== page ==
Being in Rome made me feel the triviality of some of the modern day achievements. It made me say – really, in the 21st century, yet another smarter version of a mobile phone is the pinnacle of human achievement? Rome will make you feel so very very small. At the same time, you feel privileged to be breathing the air where people have given birth to the Western civilization.
Santa Maria in Trastavere, Rome
Salvi’s Trevi Fountain, Rome
Rome is also a contrast within itself . It is about the many Caesars, but it’s also Constantine’s foundation of St Peter’s. It’s the romantic idea of Salvi’s Trevi fountain, but also the peace of Santa Maria in Trastevere. It’s the glories of Vatican museums, but also the melancholy of Keat’s final home.
Onto Florence now. If I could choose where to live and die, that’s Florence. Who wouldn’t want to die amongst beauty?
A previously insignificant city, rose from one of the most devastating disasters to hit mankind – the black death that killed 60% of the Europe’s population in the 14th century – and brought an end to the period known as the Dark Ages in the early 15th century, to give birth to what modern men know as art, politics, architecture, music, publishing, science (albeit a part of it). I remember thinking – ‘Beauty was surely born here’.
Back in the 15th century Florence, men started to have ideas that kindled a movement called the Renaissance. It had its roots in ‘humanism’ – that humans are not powerless set of creatures plagued by superstitions, but had agency and could shape their own
futures. People went back to the classical texts from the ancient Roman empire and they studied ancient sculptures. Humanism encompassed ideas of arts and sciences, and would later be called Humanities, excluding the sciences.
The Duomo or the Dome, designed by Brunelleschi and an inspiration for Michelangelo’s Dome for St. Peter’s.
Perseus with the head of Medusa, Cellini
Basilica of Santa Croce, the resting place of some of the Renaissance geniuses – Machiavelli, Michelangelo, Galileo
What was Renaissance?
Poets and thinkers were aware that a change was in the air, yet no one gave it a name until the Michelangelo-worshipping artist, Vasari, termed it in the mid 16th century – ‘Renaiscita’ – resurrection, rebirth, revival, Renaissance.
Renaissance was the realization of the humanity of people. That humans were vital, emotional beings and needed to be studied as such. So went away the staid lifeless depictions of Madonna of the dark ages and came the vital Madonna of the Renaissance – shockingly human in familiar Tuscan landscapes.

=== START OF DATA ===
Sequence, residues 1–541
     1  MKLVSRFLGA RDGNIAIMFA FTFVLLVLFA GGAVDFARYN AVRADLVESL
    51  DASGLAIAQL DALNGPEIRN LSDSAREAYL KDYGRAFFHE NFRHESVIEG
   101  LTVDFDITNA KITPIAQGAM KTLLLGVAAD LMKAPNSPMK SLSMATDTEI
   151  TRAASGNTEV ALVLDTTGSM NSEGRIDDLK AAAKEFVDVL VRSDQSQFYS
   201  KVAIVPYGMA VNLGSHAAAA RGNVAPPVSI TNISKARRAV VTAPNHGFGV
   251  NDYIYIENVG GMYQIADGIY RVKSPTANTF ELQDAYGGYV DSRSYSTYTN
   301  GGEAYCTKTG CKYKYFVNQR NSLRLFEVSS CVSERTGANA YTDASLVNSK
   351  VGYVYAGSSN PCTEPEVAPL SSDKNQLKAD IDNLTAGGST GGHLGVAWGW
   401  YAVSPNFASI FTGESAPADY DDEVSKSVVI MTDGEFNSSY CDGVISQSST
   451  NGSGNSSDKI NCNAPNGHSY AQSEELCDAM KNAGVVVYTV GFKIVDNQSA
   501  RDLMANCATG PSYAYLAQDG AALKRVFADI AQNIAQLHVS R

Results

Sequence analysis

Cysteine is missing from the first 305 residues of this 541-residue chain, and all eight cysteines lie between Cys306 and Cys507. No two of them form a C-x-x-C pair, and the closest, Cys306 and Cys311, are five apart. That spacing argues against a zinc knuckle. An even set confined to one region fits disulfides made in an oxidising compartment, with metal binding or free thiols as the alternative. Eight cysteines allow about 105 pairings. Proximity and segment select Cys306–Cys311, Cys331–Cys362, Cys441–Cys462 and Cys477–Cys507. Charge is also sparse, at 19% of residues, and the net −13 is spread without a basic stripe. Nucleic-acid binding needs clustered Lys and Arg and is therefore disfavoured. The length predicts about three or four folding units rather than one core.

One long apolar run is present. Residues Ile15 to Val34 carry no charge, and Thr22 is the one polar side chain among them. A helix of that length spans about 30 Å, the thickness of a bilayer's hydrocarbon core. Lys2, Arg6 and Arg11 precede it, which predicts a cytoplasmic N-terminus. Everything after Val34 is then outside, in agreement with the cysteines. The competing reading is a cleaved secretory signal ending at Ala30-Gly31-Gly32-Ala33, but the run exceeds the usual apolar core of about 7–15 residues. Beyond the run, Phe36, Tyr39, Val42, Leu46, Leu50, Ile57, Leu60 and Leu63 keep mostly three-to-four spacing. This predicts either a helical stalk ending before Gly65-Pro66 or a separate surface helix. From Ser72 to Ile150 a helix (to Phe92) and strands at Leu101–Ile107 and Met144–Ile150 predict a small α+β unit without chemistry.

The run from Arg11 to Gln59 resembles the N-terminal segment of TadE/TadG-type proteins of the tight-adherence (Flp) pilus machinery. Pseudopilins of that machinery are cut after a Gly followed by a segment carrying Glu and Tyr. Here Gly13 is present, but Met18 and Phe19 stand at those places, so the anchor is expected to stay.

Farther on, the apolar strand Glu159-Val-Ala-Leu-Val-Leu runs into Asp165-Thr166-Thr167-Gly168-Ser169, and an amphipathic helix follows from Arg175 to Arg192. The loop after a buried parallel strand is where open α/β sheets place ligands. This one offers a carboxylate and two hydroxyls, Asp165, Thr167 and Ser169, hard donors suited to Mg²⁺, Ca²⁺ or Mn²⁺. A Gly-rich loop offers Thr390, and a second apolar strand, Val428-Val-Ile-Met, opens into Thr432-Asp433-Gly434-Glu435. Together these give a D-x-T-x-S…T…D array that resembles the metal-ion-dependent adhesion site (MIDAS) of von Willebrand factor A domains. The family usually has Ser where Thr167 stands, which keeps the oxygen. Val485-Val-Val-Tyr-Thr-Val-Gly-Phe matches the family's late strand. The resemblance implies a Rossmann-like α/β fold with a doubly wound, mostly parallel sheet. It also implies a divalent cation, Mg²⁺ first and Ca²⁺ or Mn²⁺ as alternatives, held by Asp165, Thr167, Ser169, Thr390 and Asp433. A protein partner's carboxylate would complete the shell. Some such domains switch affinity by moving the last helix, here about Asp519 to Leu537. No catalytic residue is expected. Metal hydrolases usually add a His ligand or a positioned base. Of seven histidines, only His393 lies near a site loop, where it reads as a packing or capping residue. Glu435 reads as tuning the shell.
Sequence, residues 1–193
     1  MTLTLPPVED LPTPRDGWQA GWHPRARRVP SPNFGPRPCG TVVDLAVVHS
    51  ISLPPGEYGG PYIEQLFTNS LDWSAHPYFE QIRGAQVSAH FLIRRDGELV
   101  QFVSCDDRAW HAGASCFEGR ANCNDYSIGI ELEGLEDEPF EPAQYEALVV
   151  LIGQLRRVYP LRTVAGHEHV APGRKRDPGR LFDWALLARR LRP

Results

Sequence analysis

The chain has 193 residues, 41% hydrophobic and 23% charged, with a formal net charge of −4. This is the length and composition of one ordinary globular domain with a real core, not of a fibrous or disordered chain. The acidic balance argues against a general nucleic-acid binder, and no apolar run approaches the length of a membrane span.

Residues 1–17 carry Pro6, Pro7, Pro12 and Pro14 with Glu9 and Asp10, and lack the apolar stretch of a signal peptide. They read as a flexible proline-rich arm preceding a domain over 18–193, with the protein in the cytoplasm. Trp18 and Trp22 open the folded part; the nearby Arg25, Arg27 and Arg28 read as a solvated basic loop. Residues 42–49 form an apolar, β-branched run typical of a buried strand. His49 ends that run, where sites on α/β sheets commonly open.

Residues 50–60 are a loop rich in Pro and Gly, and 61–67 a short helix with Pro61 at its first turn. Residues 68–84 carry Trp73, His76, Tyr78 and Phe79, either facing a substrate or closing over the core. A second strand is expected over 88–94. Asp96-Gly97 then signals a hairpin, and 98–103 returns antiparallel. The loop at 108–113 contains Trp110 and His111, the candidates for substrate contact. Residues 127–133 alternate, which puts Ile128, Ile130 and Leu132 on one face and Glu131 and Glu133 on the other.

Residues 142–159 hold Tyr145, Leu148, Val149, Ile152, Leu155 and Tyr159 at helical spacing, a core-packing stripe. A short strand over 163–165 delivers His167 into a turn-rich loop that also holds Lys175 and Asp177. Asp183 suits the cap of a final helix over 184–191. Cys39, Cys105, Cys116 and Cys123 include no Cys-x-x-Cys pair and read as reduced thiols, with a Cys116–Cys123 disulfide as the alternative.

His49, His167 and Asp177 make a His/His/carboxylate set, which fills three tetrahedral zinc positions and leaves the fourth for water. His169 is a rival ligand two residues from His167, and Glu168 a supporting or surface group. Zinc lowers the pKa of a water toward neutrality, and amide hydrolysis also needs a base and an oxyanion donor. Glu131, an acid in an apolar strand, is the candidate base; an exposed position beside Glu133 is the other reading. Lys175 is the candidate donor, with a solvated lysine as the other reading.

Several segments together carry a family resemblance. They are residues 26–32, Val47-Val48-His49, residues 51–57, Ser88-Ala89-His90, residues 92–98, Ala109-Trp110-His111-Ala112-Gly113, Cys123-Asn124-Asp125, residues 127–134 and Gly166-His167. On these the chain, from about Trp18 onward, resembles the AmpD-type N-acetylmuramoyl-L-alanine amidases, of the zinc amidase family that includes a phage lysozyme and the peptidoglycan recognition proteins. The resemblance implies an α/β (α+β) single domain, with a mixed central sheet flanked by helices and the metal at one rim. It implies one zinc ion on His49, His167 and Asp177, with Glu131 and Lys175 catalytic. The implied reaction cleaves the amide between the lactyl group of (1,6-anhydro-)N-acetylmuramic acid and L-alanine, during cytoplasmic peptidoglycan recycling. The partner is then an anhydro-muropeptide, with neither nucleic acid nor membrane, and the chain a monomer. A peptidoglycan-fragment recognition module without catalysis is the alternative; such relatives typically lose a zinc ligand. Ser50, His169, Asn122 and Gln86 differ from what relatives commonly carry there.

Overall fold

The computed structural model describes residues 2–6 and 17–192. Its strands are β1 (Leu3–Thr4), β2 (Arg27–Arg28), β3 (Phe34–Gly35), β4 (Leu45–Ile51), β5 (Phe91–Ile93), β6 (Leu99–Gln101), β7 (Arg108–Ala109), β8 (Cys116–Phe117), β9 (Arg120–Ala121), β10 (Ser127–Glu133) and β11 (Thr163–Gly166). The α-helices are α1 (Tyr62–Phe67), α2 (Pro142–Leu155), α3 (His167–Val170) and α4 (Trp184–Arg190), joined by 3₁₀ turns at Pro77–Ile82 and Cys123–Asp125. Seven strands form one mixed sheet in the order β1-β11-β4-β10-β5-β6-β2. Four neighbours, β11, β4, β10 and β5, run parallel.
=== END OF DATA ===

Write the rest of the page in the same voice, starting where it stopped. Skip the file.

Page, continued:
Being in Florence was an experience beyond thought. I remember being euphoric and sad as if what I saw here now will be taken from us any second. What I thought was about satisfying my dreams to see the art and architecture actually deepened my yearning.
Florence is where I have felt the most alive. I think I understood beauty, and I understood a line that I have come back to again and again.
“Beauty is terror. It’s rarely soft and conciliatory.”
Beauty isn’t supposed to make you comfortable, relaxed and peaceful. No. Beauty hits you with an intensity and a violence unexpected. It’s terrifying in its ability to grasp you and imprison you. ‘Emotionally fraught and imprisoned’ is how I will describe my experience of Florence.
“For beauty is nothing but the beginning of terror
which we are barely able to endure, and it amazes us so,
because it serenely disdains to destroy us.
Every angel is terrible.”
― Rainer Maria Rilke
Having discovered where beauty lives, I shall go back.
What did I learn?
All ‘proper’ travel bloggers must describe what they learnt. So, here it goes. I learnt this: that beauty exists, that art can change the world, and that we the unfortunates of the 21st century have forgotten ‘beauty’.
I also learnt this: I need to be dissatisfied. Say no to the modern search for happiness and satisfaction. I shall search for dissatisfaction and I shall yearn. Because satisfaction will end my search for beauty. So I shall yearn on.
Also, this practical thing: Don’t try to do Florence, while killing yourself, in 3 days. Calm down. Breathe. Florence will be here and you will be back.
I learnt this as well: That mysteries of art can never be decoded completely. Don’t try to. I went through Rome and Florence trying to decode and understand every single thing – yet, what do I know still? Can you fully decipher 2000 years of human history?
Keats talked about the the art of negative capability – the ability to live and breathe in uncertainties and mysteries, no looking out for fact and reason. So I shall convince myself of that. That Rome and Florence are mysteries that can never be unraveled.
That’s all for now. I am saying that’s all, though I have rambled on.